Still Dreaminâ€™: Joshua Redman, Ron Miles, Scott Colley, Brian Blade
Monday, March 27
Doors @ 6:00 PM MDT
Show @ 7:00 PM MDT
Price: $40.00 – $45.00
Ages: All Ages
Still Dreamingâ€”featuring the combined talents of saxophonist Joshua Redman, trumpeter Ron Miles, bassist Scott Colley and drummer Brian Bladeâ€”is a not so subtle reference to the renowned Old and New Dreams ensembleâ€”a â€œsupergroupâ€ composed of former Ornette Coleman sidemen Dewey Redman (Josh’s father), Charlie Haden and Ed Blackwell. The spirit of Ornette Coleman’s revolutionary harmolodic concepts are suffused throughout Still Dreaming’s original compositions and adapted as a springboard to open-ended musical conversations between these four master improvisers. The result is a reinvigorated form of jazz expression filtered through the perspective of a younger generation and yielding a sound relevant for today.
The son of the great tenor saxophonist Dewey Redman, Joshua graduated from Harvard and (after debating about whether to become a doctor) he seemed headed toward studying law at Yale. However, Redman came in first place at the 1991 Thelonious Monk competition, landed a recording contract with Warner Bros., and was soon on the cover of most jazz magazines. Pat Metheny was a guest on one of his albums (the Redman-Metheny interplay during their engagements was quite memorable), and although Redman has had success constantly touring with his own group, it is a pity that his apprenticeship period as a sideman was so brief.
Denver trumpeter Ron Miles’ resume includes time with Bill Frisell, Madeleine Peyroux, Don Byron, the Ellington Orchestra, and Fred Hess’ Boulder Creative Music Ensemble. Besides being solicited all over the world for his unique sound, Ron is a staple of the Denver jazz scene and his recent releases as band leader show off his skills as a composer and arranger as well as a “phenomenally gifted trumpeter” (Bill Milkowski). A resident of Denver since he was 11, he began playing the trumpet seriously in junior high school and studied music at the University of Denver (1981-1985) and the Manhattan School of Music (1986). Miles says that living in Denver has given him an appreciation for a broad array of musical styles that he might not have acquired elsewhere. “Country and Western music, Latin, jazz, and rock are all popular here, so you find yourself trying out a lot of ideas with other musicians and gaining a healthy respect for the music,” he explains. Ron Miles was widely recognized as a musical director and arranger with the release of Ginger Baker’s Coward of the County (Atlantic 1999). His compositions anchor that record and highlight the varied influences from which Ron draws inspiration. Hailed as an inventive composer and gifted trumpeter on his solo releases, Ron cruised through the 1990s with a series of well-received releases on Gramavision (My Cruel Heart, Woman’s Day) and Capri (Witness, Ron Miles Trio). In 2002 Ron slowed it down for a quiet, intimate recording with friend and master jazz guitarist Bill Frisell. Heaven again showcases Ron’s talent as an arranger, particularly on Hank Williams’ “Your Cheatin’ Heart” and Bob Dylan’s “A Hard Rain’s A-Gonna Fall” According to Bill Frisell, “What is so exciting about Ron is that he really has his own voice. It seems like everything that is going on right now is either very conservative or it rejects everything. Ron has found a way to include everything and not reject things, and still be his own person.” Miles said of his playing with Bill, “I think we share a fondness for striking melody, patience and the importance of individual timbre.”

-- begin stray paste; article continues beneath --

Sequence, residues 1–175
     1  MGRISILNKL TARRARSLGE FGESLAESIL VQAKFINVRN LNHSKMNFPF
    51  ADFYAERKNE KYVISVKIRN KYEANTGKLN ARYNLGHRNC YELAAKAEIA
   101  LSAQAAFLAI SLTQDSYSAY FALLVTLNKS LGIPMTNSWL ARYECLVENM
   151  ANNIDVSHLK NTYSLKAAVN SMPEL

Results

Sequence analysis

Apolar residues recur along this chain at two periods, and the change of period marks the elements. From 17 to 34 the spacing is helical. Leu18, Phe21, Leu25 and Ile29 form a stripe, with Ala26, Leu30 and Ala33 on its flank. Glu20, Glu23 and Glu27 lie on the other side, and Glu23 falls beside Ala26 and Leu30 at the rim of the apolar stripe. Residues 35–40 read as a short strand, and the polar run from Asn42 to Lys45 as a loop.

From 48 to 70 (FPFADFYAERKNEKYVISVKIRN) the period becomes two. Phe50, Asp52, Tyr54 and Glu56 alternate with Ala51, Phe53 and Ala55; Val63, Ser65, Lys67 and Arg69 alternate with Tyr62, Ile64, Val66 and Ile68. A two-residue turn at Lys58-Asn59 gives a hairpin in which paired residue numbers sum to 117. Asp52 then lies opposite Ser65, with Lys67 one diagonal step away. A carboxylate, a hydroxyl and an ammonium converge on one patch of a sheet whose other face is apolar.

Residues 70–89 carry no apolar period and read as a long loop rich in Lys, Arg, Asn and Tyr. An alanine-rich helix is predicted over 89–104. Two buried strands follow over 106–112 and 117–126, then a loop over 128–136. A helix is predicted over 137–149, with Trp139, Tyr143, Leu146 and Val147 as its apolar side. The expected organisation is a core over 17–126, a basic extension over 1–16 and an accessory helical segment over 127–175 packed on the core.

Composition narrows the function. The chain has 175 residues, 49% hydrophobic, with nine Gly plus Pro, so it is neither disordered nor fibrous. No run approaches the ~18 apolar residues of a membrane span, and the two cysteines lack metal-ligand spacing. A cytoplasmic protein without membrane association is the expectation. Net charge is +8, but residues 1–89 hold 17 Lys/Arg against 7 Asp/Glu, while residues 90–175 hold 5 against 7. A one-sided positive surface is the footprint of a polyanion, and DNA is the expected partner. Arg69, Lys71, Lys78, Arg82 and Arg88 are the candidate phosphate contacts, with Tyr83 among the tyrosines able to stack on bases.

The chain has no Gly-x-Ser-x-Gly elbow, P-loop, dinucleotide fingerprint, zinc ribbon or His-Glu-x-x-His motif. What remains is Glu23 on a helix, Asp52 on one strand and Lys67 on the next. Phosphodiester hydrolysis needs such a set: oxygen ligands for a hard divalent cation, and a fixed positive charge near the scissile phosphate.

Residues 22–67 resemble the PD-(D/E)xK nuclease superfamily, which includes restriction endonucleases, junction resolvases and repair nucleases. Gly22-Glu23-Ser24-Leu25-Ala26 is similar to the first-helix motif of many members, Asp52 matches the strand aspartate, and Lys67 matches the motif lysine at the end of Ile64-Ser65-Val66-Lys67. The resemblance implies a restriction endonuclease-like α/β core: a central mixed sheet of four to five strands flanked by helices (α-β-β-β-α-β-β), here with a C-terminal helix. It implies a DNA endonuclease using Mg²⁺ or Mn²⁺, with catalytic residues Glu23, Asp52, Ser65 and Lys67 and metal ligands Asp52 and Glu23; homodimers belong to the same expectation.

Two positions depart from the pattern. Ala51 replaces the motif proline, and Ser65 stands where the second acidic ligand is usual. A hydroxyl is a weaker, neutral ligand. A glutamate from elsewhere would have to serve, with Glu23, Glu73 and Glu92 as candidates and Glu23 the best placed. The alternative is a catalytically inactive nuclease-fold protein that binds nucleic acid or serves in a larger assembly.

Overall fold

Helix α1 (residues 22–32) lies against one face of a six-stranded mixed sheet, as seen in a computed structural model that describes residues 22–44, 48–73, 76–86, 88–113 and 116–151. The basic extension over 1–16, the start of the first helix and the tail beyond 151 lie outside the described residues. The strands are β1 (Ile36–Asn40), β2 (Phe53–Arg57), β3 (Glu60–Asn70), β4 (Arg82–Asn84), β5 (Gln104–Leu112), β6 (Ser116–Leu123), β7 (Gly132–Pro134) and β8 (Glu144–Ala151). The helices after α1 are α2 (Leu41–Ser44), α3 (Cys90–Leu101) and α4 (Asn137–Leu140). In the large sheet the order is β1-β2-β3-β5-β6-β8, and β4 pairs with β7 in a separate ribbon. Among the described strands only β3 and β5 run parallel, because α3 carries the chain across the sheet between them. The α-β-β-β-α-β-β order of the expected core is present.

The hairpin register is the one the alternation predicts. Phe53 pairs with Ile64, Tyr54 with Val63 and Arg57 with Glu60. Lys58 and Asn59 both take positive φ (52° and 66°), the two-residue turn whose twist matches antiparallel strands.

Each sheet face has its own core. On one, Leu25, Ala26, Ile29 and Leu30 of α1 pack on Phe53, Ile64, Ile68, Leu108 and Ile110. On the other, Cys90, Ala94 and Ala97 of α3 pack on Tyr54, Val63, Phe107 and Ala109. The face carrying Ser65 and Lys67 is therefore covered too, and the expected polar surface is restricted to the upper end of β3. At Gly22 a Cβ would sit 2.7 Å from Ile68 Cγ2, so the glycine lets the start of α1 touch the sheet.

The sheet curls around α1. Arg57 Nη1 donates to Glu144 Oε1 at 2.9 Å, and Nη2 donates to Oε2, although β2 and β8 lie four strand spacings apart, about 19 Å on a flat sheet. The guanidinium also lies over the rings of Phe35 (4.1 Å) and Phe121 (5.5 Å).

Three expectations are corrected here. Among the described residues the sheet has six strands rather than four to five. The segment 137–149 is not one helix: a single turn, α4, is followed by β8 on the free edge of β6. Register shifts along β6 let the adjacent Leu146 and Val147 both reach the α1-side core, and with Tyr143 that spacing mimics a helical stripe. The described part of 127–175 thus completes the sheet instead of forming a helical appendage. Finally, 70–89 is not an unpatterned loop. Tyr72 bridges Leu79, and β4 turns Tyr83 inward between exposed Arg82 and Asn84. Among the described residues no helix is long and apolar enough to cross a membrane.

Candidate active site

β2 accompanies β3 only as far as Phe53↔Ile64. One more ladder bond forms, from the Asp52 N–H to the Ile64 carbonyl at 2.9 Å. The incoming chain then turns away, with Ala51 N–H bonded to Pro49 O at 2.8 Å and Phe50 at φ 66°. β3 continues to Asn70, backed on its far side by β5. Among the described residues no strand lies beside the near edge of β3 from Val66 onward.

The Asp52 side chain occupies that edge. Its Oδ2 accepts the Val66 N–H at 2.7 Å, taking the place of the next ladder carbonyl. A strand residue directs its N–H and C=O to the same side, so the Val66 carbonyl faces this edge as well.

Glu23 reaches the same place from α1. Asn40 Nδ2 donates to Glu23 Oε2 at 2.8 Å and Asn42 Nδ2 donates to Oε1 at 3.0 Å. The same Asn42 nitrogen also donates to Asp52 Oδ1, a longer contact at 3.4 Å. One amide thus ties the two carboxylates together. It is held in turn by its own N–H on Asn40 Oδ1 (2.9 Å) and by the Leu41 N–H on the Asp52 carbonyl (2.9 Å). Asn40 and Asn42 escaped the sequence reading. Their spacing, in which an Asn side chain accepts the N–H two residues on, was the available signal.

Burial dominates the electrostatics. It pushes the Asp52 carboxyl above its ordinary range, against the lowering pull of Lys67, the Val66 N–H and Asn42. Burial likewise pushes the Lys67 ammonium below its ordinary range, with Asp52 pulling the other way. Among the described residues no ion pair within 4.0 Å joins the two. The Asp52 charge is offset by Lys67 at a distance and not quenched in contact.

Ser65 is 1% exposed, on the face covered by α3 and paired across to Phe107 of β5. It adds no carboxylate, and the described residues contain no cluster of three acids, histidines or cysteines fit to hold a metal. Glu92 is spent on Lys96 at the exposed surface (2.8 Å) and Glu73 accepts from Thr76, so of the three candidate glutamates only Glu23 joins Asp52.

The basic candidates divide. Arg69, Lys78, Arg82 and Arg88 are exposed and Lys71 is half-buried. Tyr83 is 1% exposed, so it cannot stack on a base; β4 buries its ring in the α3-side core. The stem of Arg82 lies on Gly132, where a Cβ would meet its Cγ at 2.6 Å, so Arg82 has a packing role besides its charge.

“I remember when I first read the words hanging in a frame on my grandma Rosa’s wall. The serenity prayer was something I couldn’t understand until almost thirty years later, but now after experiencing some peaks and valleys of life, those words ring in my ears with clarity.” Brian Blade has set those words to music for his first recording as a singer, guitarist and songwriter: Mama Rosa is a revealing journey through thirteen songs about family, loved ones, travels and a sense that these things that shape and inspire us have to be shared with others to complete a circle. He has been writing and recording material with words for as long as he’s been making music. In fact, Mama Rosa grew naturally from the four-track home demos that he’s recorded over the years and several of the original performances from those tapes can be heard on this album. Initially, Blade felt that these songs would never be heard by anyone else, but after encouragement from longtime friend Daniel Lanois, these home recordings became the cornerstones for the album. There is an initial spark close to the moment of inspiration and that intimate vibe is felt throughout Mama Rosa. “For some time now, these songs have existed in the solitude of my room, and I got a lot of joy and satisfaction from just knowing that they existed,” Blade says. “But at a certain point I questioned whether it was fear or selfishness that kept me quiet. Facing the music and the mirror, I began to ask if this was the end of the process? What does God expect of me? Maybe someone else might find some inspiration in the songs.”